Women need to make time for saving

October 16, 2016

Finding the time to devote to saving should be front of mind and not a chore, says financial expert

If your calendar is like most, it’s pretty full; juggling work, family and friends, maintaining a home, paying the bills. Your retirement savings are the last thing you have time for.

New Zealand Retirement Commissioner says women tend to reach retirement with a lot less money than men. And a recent Australian study shows about 90 per cent of women will retire with inadequate savings to fund their retirement.

Mercer financial adviser Helen Angwin says it is paramount all people, regardless of gender or age, understand and manage their own finances to prepare for future needs. And, it all starts with budgeting and knowing the value of a dollar.

“Cash flow is the cornerstone of wealth creation so set yourself a budget; you need to have surplus income to start saving,” she says. “Recreational spending is OK but things like travel, cars, electronic goods, clothing and dining out should be kept in check. Don’t splurge.”

Angwin says income is just as important as budgeting and women in particular need to ensure they receive pay commensurate with their position when building their career and setting ongoing savings targets.

“Too many women accept lower pay relative to their male counterparts,” she says. “Be assertive and request pay commensurate with your position. When you do get a pay rise, consider it as an opportunity to save more. We get used to living on the same level of income so a pay rise can be used to divert to savings.”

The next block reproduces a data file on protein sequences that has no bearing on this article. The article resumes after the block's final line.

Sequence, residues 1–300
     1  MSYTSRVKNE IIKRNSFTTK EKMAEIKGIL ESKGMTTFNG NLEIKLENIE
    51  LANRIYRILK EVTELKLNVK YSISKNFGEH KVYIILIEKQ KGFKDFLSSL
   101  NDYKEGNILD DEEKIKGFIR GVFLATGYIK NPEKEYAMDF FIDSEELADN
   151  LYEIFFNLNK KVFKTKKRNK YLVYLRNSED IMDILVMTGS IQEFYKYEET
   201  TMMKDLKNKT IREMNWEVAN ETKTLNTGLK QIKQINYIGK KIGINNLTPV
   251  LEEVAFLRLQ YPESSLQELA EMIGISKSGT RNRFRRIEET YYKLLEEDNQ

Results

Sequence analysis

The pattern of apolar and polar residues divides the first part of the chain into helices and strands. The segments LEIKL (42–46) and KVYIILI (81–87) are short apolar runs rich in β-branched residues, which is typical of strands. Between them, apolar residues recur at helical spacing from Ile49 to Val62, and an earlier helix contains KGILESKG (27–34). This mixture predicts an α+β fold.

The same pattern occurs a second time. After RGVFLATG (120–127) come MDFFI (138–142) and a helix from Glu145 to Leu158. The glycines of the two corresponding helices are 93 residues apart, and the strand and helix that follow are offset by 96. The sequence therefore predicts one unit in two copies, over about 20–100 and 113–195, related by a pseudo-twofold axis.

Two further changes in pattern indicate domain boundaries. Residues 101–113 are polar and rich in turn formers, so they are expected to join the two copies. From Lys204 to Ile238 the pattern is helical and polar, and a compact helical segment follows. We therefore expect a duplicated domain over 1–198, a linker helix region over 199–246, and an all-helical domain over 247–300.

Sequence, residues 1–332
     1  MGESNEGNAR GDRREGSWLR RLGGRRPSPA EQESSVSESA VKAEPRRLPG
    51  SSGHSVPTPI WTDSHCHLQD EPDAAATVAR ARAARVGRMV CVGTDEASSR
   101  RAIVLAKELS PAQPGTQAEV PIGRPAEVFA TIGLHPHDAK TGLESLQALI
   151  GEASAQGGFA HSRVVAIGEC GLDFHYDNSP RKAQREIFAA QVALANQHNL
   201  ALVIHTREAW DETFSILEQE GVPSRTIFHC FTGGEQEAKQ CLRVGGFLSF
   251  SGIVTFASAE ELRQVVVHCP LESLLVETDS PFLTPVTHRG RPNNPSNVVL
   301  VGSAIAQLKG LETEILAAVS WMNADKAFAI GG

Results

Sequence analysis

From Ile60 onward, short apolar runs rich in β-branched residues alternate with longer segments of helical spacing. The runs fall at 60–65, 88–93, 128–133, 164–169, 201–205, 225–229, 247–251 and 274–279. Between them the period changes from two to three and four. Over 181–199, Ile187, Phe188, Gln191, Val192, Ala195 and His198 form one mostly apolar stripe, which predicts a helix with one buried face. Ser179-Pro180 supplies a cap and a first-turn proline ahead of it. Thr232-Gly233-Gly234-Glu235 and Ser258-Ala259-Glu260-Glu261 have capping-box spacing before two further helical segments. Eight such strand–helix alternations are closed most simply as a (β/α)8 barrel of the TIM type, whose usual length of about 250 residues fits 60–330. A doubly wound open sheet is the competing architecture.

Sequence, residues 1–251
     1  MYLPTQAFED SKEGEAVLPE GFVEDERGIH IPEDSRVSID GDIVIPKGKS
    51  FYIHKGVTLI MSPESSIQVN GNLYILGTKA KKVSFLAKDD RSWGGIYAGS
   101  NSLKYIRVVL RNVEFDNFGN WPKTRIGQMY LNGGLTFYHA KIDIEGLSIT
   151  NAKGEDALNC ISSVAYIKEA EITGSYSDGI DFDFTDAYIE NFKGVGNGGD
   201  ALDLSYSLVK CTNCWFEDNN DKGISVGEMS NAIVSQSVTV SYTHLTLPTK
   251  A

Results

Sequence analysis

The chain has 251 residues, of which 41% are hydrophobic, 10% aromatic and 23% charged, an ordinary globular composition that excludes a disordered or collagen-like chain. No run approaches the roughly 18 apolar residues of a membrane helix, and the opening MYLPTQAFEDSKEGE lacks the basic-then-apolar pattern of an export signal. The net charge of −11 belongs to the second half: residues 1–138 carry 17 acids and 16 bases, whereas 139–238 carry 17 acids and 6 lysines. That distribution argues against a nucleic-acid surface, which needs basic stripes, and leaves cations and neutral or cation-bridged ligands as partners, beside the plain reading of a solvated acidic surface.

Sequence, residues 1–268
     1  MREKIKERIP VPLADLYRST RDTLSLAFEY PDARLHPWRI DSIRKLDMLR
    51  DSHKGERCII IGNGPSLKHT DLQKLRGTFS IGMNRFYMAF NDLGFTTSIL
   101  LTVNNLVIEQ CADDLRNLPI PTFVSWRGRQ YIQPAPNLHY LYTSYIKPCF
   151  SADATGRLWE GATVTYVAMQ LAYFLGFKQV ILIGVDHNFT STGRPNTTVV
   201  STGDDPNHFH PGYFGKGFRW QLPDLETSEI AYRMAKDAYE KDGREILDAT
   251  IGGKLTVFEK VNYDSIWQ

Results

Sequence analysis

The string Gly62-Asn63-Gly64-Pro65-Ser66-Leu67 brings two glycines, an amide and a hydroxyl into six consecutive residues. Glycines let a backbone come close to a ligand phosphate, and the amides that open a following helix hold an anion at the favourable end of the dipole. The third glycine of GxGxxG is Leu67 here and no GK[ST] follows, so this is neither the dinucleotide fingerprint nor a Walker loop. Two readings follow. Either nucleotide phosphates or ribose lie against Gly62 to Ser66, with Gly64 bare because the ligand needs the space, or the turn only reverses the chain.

Her top tip for a savings plan is to start small with a set, achievable target. Salary sacrificing small amounts of your pay throughout your working life is second on the list to help build your retirement savings. 

“Achievable goals will give you positive reinforcement when you actually get there, whereas onerous savings targets will lead to disenchantment and mean you do not follow through with saving,” she says. “Start salary sacrificing $1,000 a year – about $20 a week – and build this slowly over time. It is the tortoise who wins the retirement race, not the hare.”

As for the big ticket item in life – buying a home – always consult experts for the best financial deal, and be disciplined in saving for the deposit and paying off the mortgage. Flatmates, she says, are one way to help repay the mortgage sooner. A person should be just as disciplined in selling a bricks and mortar asset, especially when negotiating a property settlement.

“If you are negotiating a property settlement in a divorce, seek financial advice,” Helen says. “Women are often inclined to take the life style assets, such as the home or car and maintenance payments, rather than investment assets like shares and investment properties.

“In the long term this can lead to lower returns and circumscribed situations.”

Finally, Angwin says, women need to make time now to ensure a stable financial future.

“Put time aside each week to engage with and understand your finances; educate yourself about tax, retirement savings plans and investments,” she says. “It’s not hard to take responsibility for your own finances, but it does require a bit of your time.”

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